Several months after one of it’s self-driving cars hit a pedestrian in a fatal accident in Tempe, Uber has formally ended the testing of the new technology in Arizona.
The company began the several week-long process of ending testing in Arizona after Governor Doug Ducey ordered the driverless road tests to halt in late March in the aftermath of the accident that resulted in a woman’s death.
Testing was also stopped in San Francisco and Pittsburgh due after a shaky rollout. However, Uber plans to resume testing the driverless technology in Pittsburgh despite the controversy over the accident in Tempe.
The company issues the statement, “We’re committed to self-driving technology, and we look forward to returning to public roads in the near future. In the meantime, we remain focused on our top-to-bottom safety review, having brought on former (National Transportation Safety Board) Chair Christopher Hart to advise us on our overall safety culture.”
Uber did have safety measures, in the form of an Uber employee sitting in the driver’s seat, in place when the car hit a female pedestrian while operating in autonomous mode near Mill Avenue and Curry Road in Tempe.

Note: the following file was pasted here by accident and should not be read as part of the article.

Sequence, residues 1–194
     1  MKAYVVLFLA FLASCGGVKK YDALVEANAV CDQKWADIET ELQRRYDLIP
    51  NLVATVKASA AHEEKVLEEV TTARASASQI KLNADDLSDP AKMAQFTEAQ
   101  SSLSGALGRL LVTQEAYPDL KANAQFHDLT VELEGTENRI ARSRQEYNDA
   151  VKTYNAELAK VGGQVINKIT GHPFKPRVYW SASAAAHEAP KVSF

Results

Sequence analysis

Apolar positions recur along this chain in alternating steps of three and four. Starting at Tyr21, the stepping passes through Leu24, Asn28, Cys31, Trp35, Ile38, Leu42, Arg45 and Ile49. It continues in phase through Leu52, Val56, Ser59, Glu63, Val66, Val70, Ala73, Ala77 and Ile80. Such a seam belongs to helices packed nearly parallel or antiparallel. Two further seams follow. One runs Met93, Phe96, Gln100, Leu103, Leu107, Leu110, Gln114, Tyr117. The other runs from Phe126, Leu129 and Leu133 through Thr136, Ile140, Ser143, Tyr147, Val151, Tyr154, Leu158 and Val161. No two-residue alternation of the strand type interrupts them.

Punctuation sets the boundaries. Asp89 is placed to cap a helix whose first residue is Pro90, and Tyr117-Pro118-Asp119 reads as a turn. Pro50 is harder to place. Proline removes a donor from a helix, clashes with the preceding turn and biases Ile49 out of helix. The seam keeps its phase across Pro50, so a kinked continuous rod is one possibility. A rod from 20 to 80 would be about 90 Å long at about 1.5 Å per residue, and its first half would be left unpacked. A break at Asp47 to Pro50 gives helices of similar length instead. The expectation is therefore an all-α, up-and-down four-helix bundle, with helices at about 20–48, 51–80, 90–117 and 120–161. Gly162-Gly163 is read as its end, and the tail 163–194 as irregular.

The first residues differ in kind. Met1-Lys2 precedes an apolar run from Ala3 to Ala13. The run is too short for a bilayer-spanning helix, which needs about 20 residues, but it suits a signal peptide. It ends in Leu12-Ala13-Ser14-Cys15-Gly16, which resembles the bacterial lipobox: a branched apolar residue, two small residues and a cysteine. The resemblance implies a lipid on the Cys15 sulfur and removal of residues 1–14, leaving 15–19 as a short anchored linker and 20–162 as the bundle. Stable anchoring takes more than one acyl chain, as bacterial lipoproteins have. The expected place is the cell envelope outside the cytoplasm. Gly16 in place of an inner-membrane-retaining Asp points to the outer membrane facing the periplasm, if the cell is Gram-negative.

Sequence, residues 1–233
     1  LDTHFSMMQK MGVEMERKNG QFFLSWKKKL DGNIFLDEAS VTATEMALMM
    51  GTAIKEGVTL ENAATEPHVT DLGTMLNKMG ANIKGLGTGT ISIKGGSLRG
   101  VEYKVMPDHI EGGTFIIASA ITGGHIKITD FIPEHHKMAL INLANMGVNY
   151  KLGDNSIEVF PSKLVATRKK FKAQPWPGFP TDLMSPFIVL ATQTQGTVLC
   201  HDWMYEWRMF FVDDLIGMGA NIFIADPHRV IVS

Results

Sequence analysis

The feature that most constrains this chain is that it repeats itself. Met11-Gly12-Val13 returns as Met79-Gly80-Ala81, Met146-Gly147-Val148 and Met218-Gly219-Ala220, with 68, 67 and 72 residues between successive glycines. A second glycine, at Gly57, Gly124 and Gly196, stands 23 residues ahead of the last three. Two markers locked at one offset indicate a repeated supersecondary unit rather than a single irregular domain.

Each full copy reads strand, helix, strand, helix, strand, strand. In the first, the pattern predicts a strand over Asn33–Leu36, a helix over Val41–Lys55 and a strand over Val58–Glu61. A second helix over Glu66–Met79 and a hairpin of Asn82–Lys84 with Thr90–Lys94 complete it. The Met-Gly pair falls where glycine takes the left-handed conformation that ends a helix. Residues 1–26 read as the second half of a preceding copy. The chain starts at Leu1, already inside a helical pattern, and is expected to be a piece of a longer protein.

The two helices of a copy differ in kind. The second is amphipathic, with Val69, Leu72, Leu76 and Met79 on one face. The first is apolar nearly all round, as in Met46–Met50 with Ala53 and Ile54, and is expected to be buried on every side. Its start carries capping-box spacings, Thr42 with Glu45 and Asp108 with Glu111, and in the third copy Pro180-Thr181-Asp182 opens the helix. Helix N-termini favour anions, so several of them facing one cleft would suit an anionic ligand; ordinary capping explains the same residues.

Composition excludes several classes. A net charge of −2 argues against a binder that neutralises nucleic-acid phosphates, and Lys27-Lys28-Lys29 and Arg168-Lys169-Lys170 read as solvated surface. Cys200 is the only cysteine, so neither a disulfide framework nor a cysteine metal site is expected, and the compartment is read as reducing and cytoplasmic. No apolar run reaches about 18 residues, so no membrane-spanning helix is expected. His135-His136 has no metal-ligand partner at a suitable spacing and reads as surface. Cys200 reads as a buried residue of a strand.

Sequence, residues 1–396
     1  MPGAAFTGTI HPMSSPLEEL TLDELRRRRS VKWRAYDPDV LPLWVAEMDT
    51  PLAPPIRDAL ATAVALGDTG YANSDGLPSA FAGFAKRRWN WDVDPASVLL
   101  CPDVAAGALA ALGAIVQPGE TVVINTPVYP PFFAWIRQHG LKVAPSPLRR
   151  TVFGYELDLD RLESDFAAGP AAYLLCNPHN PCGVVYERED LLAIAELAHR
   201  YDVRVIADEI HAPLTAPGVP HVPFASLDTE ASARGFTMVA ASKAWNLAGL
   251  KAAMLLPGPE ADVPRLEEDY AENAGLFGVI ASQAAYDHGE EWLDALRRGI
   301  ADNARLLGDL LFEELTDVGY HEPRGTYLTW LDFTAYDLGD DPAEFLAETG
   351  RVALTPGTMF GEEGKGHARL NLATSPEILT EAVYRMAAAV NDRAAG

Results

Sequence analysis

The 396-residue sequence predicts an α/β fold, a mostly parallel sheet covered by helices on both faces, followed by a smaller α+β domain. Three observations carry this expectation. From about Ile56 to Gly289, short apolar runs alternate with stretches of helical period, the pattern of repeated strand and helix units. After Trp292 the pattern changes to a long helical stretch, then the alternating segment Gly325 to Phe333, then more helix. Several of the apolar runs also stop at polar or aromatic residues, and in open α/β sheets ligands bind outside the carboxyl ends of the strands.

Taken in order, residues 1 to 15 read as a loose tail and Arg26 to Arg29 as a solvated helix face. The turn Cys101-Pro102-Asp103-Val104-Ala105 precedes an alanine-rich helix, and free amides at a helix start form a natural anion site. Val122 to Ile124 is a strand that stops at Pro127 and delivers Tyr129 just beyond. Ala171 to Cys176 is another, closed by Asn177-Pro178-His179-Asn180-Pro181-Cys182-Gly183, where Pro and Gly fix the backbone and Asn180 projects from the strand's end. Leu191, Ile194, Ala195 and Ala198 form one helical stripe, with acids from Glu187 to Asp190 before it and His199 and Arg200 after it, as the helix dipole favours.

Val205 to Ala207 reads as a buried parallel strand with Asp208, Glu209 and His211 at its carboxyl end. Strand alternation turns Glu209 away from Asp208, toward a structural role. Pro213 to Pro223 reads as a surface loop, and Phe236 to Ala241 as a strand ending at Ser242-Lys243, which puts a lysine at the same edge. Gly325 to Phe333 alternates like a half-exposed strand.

The federal government has issued voluntary guidelines for companies like Uber that want to test autonomous vehicles. However, several states, such as Arizona and Michigan have taken a detached approach, hoping to gain jobs from the new technology.
Governor Ducey used light regulations to entice Uber to implement testing in Arizona. Uber hops to continue talks with Ducey and remains committed to Arizona.
About 300 jobs were lost because of the accident and Governor’s ordinance. Uber has offered outplacement services to those who lost their jobs as a result of the incident.